Retail prices for food at the supermarket rose 4 percent in the third quarter of 2004, with bacon leading the way, up 38 cents per pound to $3.52, according to the latest American Farm Bureau Federation marketbasket survey. However, center cut pork chops only went up 9 cents per pound, to $3.43.The informal survey on the total cost of 16 basic grocery items showed an increase of $1.53 from the 2004-second quarter survey
The $40.38 average paid by volunteer shoppers for the 16 items is $3.92 higher than the 2003 third quarter survey average of $36.46. While the survey average has increased from a year ago, food remains affordable overall. Americans spend just 10 percent of their disposable income on food annually, the lowest average of any country in the world.
"Retail demand for all types of protein continues to rise and is the main factor behind higher average prices for bacon, pork chops, sirloin tip roast, ground chuck and whole fryers during this quarter," says AFBF senior economist Terry Francl. "Consumers are almost insatiable in their demand for pork products as they seek out alternatives to higher priced beef cuts. This in turn drives up the price of popular pork products such as bacon and chops."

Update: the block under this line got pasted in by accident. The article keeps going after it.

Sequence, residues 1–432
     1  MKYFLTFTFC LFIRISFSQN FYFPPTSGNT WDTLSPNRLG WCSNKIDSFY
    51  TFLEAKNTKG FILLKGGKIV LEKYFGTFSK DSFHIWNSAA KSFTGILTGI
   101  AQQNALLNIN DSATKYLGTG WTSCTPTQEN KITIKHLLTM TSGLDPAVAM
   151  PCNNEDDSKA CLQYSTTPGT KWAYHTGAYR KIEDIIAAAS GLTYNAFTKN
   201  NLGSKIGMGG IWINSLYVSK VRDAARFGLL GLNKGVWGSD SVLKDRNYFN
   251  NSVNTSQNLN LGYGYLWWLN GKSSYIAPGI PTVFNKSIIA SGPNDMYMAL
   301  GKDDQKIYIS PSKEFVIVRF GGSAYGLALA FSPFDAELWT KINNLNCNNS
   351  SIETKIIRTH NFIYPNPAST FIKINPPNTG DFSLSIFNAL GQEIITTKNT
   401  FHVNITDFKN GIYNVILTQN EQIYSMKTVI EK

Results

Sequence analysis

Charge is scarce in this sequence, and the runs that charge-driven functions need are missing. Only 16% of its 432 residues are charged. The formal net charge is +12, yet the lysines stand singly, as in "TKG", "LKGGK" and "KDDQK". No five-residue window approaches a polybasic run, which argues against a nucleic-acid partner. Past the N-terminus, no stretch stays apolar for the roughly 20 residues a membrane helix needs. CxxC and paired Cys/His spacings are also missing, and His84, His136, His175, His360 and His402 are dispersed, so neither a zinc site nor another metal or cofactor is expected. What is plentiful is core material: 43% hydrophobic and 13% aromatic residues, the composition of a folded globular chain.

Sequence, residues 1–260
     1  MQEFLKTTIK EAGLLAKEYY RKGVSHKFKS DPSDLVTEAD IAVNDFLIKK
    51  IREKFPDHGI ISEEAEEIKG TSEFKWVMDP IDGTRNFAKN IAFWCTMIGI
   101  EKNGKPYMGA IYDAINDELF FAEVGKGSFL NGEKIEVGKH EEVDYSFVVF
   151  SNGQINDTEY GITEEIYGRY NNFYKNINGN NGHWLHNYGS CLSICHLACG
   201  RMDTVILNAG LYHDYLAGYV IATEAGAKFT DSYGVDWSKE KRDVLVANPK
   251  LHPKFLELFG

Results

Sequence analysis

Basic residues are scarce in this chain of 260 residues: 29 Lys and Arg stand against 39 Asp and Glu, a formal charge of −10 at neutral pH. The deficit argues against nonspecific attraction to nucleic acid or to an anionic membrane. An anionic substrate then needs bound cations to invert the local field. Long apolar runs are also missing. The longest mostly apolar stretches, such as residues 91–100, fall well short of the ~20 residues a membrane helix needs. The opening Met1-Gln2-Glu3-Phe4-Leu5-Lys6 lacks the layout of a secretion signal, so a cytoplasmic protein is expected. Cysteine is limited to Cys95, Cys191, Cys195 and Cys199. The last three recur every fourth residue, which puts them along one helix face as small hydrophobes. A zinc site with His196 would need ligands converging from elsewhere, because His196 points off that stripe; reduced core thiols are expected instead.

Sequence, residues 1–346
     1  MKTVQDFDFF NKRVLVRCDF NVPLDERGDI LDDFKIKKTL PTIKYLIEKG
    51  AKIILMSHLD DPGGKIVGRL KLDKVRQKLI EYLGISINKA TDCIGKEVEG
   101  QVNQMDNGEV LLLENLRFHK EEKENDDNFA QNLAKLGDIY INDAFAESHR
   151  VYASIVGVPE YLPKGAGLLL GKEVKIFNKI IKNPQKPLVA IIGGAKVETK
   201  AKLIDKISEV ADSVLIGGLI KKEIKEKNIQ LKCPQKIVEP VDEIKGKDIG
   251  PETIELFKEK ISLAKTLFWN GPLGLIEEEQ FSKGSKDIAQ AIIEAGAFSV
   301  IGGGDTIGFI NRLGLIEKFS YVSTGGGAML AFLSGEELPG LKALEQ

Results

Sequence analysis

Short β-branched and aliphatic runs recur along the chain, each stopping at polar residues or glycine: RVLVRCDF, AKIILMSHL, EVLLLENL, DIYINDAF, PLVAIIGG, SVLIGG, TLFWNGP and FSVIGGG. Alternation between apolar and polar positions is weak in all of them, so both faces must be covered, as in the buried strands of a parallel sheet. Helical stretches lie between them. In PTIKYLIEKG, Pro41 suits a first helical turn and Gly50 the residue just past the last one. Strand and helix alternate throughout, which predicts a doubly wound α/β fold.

Despite steady increases in grocery store average prices over time, the share of the average food dollar received by America's farm and ranch families has actually dropped. "This reflects a long-standing trend," says Francl. "Thirty years ago farmers received about one-third of consumer retail food expenditures."
According to the most recent Agriculture Department statistics, America's farmers and ranchers receive just 19 cents out of every dollar spent for food. Using that across-the-board percentage, the farmer's share of this quarter's marketbasket average total would be about $7.67.
AFBF conducts its informal quarterly marketbasket survey as a tool to reflect retail food price trends. A total of 97 volunteer shoppers in 35 states participated in this latest survey, conducted in mid-August.